Take this fellow in the photo below he told me that he does “concreting” for a living, which requires a 6 month certificate to enable a person to do that in Australia. I consider myself a reasonably educated person, I am an Engineer with 2 master’s degrees and a Ph.D but I am not rich in the financial sense (a bit like Robert Kyosaki’s one father in his celebrated book entitled, Rich Dad, Poor Dad). This tradesman is clearly doing well and ‘good on him’ for that (no ill feeling from me – only respect for what he has accomplished in one area of life). However, the point is, never assume that somebody driving a brand new Ferrari is a brain surgeon or a high-powered invest banker, etc. Wealth thus has very little to do with ones intelligence or common sense. A good lesson to bear in mind.
Let’s see you might have guessed on of the following:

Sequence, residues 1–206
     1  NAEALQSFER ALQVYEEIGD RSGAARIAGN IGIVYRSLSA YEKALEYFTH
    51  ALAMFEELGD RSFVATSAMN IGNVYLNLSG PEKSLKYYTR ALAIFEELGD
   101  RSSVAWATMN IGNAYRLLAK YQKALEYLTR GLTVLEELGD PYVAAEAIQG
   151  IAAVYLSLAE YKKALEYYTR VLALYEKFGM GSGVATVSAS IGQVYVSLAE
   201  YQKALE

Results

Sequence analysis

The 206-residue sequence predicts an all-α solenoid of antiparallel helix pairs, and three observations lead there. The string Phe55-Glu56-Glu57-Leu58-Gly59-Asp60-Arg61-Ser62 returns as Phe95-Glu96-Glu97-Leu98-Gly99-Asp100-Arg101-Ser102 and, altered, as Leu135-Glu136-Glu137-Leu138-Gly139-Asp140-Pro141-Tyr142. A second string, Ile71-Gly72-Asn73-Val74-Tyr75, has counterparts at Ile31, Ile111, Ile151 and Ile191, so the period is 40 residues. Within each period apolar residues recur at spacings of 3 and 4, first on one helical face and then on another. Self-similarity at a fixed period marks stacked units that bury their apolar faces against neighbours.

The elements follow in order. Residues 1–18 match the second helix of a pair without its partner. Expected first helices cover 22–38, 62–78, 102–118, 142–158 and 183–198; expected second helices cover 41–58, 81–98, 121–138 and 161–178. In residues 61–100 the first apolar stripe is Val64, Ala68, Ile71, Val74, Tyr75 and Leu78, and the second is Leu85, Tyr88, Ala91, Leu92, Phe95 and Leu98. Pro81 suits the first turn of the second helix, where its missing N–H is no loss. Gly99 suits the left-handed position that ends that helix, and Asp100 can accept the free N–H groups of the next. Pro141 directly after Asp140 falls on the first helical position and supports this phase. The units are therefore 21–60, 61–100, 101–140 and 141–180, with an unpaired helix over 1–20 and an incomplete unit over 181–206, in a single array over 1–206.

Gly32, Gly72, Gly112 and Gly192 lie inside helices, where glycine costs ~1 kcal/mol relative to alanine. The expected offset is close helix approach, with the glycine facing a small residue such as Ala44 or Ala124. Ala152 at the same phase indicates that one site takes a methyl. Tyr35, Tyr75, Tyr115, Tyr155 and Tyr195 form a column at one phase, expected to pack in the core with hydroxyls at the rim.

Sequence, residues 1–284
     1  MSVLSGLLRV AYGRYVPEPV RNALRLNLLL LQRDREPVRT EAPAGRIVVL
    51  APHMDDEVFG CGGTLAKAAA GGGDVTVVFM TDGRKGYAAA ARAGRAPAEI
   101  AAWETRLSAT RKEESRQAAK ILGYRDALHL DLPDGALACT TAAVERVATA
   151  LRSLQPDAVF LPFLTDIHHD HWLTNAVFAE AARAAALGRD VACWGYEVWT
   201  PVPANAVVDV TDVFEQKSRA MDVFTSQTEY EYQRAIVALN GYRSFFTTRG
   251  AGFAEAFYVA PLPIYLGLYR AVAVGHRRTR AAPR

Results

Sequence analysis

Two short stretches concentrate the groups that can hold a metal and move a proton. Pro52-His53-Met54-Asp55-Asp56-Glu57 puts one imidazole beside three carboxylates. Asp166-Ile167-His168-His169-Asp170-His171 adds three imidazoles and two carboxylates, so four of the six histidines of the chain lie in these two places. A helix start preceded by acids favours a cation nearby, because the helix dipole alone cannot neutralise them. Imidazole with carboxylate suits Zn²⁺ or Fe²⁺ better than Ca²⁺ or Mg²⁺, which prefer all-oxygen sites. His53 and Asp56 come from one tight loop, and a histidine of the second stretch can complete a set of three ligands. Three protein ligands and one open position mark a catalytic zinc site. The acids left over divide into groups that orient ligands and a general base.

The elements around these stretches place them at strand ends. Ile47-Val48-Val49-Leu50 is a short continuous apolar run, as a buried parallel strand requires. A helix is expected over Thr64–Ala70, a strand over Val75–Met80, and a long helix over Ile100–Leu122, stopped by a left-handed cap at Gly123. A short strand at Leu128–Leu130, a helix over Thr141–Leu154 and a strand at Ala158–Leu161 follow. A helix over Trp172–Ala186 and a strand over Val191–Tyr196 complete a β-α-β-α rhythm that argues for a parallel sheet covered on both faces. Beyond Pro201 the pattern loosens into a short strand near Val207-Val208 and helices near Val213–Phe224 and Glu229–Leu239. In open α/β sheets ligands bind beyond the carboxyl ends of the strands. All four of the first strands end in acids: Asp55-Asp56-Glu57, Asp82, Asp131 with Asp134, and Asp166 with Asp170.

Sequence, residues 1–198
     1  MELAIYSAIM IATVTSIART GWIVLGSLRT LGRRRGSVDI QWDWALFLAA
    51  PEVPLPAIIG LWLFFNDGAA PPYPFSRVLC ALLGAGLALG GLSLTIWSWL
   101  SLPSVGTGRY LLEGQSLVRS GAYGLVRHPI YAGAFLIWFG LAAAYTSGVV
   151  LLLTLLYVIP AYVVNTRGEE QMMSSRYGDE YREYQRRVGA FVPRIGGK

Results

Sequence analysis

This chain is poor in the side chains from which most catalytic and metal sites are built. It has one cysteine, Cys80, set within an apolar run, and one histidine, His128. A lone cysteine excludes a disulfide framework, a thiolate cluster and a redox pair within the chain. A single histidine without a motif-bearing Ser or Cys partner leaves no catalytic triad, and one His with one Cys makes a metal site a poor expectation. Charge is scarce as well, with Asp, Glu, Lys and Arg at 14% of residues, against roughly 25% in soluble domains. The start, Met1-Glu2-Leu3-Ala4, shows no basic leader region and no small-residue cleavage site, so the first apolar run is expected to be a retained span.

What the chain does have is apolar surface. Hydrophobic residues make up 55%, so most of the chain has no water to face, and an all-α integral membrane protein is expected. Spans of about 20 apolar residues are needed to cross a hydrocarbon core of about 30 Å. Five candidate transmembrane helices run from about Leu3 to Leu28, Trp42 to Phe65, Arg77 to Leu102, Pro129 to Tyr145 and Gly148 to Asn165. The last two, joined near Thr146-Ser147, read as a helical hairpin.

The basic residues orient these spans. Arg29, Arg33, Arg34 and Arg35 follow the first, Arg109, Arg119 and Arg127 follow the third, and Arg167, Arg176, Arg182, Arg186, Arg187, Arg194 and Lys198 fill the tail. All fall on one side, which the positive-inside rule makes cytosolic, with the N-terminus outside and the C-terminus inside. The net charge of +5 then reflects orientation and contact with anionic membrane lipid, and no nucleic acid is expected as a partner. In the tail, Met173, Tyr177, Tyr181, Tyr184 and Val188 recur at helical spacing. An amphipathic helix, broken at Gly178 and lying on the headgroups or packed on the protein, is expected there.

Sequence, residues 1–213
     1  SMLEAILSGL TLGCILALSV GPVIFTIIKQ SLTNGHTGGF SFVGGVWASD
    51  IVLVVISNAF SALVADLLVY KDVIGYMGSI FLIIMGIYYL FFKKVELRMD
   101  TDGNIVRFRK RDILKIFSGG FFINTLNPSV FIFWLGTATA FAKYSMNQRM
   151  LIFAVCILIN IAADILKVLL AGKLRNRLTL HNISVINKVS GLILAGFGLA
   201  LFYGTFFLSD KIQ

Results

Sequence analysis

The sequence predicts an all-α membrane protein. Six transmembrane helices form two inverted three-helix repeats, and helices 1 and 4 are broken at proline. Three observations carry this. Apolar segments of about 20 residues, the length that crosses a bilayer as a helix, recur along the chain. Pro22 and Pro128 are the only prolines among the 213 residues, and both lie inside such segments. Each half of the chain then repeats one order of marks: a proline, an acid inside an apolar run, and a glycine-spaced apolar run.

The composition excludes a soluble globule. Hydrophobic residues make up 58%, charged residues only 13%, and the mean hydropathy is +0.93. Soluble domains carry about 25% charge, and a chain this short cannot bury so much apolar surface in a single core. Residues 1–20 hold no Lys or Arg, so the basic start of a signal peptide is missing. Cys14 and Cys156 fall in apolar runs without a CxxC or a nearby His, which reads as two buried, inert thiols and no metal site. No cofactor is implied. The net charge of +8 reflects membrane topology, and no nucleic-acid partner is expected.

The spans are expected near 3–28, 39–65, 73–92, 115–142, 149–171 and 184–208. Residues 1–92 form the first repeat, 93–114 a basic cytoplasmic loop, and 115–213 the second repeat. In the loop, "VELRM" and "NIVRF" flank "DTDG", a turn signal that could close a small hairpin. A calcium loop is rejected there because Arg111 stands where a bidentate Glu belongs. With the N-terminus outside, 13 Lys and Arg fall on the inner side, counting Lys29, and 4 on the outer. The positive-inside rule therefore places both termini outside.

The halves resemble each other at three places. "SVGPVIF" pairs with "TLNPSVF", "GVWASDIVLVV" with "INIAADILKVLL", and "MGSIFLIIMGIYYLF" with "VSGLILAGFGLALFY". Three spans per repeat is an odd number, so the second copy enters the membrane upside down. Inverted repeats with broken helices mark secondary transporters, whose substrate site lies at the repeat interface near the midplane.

* Facebook’s artificial intelligence algorithm that feeds off people’s desires only to serve them a stronger dose of what they want. Watch The Social Dilemma Doco on Netflix to understand what I am referring to.
Actually you would be completely mistaken it is actually the power network! You didn’t think of that as a first guess right. Well it is based on the mathematical models that describe it and the very complex interactions of everything that connects to it.
You may no doubt have been following all the food desiccator evolutions on this blog!